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City firms could stand to gain more work from their FTSE100 clients – despite the market value of the blue-chip companies being slashed during the past few months.
Figures from Hemscott have revealed that in the last quarter the market capitalisations for the top 10 legal advisers’ FTSE100 clients fell by an average of nearly 10 per cent.
Linklaters, at the top of the table for market capitalisation, saw the value of its 21 FTSE100 companies drop by more than 15 per cent.
However, Ashurst head of corporate Adrian Clark said falling share prices were not necessarily bad news for lawyers, depending on the size of the company and the size of the decline.
“You can anticipate that if it falls substantially you might expect the client to start talking about takeover defence,” he said. “I’d have thought that meant more work rather than less work.”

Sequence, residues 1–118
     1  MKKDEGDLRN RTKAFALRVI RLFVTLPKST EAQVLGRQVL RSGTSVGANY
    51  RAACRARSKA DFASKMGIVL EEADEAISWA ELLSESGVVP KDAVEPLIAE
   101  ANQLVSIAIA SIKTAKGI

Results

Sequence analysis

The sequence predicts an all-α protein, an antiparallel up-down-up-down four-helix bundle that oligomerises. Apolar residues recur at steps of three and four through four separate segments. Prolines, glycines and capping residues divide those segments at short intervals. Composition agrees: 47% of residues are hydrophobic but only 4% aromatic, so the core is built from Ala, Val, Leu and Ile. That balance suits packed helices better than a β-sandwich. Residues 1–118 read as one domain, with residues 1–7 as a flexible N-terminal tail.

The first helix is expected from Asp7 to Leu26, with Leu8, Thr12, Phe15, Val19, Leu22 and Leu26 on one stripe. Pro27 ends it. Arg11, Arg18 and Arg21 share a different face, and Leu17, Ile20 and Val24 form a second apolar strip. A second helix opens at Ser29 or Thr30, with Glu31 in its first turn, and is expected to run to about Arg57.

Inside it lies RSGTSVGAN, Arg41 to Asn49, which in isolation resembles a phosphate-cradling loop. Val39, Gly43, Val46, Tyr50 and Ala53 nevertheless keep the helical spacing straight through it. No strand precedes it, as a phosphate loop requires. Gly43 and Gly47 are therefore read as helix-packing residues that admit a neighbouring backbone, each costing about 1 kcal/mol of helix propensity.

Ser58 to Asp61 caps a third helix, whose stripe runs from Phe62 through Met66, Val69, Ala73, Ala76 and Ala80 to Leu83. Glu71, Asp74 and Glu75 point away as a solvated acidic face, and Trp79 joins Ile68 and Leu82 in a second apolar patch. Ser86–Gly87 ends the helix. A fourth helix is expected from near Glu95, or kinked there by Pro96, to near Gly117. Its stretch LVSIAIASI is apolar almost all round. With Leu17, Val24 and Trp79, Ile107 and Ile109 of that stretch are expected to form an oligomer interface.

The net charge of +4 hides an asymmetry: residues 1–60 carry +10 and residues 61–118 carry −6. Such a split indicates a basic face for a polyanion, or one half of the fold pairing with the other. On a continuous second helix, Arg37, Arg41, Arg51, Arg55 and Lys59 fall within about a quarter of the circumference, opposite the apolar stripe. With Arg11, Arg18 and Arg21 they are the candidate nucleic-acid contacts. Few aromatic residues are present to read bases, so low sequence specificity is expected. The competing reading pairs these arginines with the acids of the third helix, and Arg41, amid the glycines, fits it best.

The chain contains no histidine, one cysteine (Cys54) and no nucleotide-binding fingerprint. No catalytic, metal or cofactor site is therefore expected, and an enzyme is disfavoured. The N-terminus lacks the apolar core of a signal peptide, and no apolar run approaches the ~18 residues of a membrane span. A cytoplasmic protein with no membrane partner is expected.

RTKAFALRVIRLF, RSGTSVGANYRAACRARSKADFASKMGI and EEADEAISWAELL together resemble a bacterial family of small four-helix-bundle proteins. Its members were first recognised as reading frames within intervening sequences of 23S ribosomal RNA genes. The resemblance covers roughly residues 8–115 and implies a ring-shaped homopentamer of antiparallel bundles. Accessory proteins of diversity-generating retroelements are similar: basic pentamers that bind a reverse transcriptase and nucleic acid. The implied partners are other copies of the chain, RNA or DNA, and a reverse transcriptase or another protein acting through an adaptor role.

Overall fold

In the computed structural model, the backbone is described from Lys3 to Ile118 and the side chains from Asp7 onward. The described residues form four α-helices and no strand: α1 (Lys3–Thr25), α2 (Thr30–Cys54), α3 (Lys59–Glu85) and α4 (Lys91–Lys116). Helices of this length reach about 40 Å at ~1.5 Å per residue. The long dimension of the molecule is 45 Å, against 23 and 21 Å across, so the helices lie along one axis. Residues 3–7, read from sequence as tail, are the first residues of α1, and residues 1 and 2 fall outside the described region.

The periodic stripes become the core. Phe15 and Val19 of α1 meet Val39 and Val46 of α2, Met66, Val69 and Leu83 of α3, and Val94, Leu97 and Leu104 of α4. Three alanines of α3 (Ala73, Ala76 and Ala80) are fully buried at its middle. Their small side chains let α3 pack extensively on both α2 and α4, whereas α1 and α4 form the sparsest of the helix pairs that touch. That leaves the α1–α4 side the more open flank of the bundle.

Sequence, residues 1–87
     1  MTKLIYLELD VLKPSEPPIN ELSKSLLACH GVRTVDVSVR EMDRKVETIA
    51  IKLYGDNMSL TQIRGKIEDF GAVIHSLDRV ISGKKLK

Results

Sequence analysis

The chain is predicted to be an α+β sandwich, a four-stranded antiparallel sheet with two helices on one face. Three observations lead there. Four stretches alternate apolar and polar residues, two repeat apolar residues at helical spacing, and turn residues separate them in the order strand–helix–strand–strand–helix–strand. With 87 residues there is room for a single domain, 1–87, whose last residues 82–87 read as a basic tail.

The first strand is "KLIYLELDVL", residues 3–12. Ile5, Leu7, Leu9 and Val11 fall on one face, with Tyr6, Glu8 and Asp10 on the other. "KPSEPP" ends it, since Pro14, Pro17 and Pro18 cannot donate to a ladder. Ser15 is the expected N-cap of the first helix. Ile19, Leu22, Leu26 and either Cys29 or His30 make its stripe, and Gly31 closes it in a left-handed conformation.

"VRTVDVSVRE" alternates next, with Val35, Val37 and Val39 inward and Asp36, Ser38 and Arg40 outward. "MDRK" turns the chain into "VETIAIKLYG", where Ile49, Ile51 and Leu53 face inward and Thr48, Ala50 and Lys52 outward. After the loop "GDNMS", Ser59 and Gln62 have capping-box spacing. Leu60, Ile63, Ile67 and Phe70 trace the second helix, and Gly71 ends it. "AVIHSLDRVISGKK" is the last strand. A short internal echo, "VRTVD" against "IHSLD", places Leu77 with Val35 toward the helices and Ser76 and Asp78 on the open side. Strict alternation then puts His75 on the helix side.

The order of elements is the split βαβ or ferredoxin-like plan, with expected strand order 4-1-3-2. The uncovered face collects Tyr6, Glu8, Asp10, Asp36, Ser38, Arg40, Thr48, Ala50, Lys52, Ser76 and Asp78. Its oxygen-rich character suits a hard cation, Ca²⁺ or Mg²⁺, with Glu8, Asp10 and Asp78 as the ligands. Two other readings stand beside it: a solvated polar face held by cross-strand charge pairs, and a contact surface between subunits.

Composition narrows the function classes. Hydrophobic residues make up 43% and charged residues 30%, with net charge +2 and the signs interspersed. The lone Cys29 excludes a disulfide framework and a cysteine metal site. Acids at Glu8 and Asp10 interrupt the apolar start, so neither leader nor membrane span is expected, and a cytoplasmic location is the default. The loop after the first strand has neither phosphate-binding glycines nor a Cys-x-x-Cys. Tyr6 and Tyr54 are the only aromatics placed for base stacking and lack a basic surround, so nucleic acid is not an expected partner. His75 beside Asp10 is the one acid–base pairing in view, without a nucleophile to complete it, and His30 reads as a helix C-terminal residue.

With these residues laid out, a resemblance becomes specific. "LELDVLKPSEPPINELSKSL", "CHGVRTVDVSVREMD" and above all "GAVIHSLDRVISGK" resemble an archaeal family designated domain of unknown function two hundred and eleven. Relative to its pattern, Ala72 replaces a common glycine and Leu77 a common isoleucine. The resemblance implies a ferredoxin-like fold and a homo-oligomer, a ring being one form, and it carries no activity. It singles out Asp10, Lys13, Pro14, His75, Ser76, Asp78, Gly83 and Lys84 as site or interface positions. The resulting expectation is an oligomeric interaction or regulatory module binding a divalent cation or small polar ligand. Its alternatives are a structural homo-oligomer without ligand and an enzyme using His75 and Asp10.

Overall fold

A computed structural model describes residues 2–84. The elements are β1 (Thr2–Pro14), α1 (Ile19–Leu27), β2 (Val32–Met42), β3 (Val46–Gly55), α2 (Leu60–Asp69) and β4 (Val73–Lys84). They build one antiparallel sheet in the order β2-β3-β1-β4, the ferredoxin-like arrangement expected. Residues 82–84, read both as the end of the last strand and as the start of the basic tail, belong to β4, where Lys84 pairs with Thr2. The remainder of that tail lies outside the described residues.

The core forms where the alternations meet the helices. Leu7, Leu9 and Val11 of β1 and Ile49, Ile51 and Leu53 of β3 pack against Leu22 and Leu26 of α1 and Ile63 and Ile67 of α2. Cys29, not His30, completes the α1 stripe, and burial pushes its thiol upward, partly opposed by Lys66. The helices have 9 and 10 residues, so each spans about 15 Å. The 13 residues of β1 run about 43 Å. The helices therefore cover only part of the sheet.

Out of the top 10 firms, only second-placed Herbert Smith’s clients saw their prices on the market rise, with an average increase of 7.6 per cent.
Elsewhere in the report, Slaughter and May extended its lead at the top of the table for the number of FTSE100 clients.
The firm has added energy company John Wood Group and newly merged Thomson Reuters to its roster in the past three months. With 27 of the UK’s biggest companies on its books, Slaughters provides legal advice for more than a quarter of the FTSE100.
In second place, Linklaters lost the Home Retail Group and Tate & Lyle, which fell out of the top 100 amid falling share values.
Further down the table, the loss of Alliance & Leicester, which dropped off the list in June, saw Allen & Overy fall two places to fifth. The firm now has 15 FTSE100 clients, ahead of Ashurst in sixth place with nine.
Of the three companies to gain entry to the FTSE100 in June, Norton Rose snapped up two through its strength in the natural resources sector.
Both mining company Ferrexpo and oil services group Petrofac listed the firm as their legal adviser.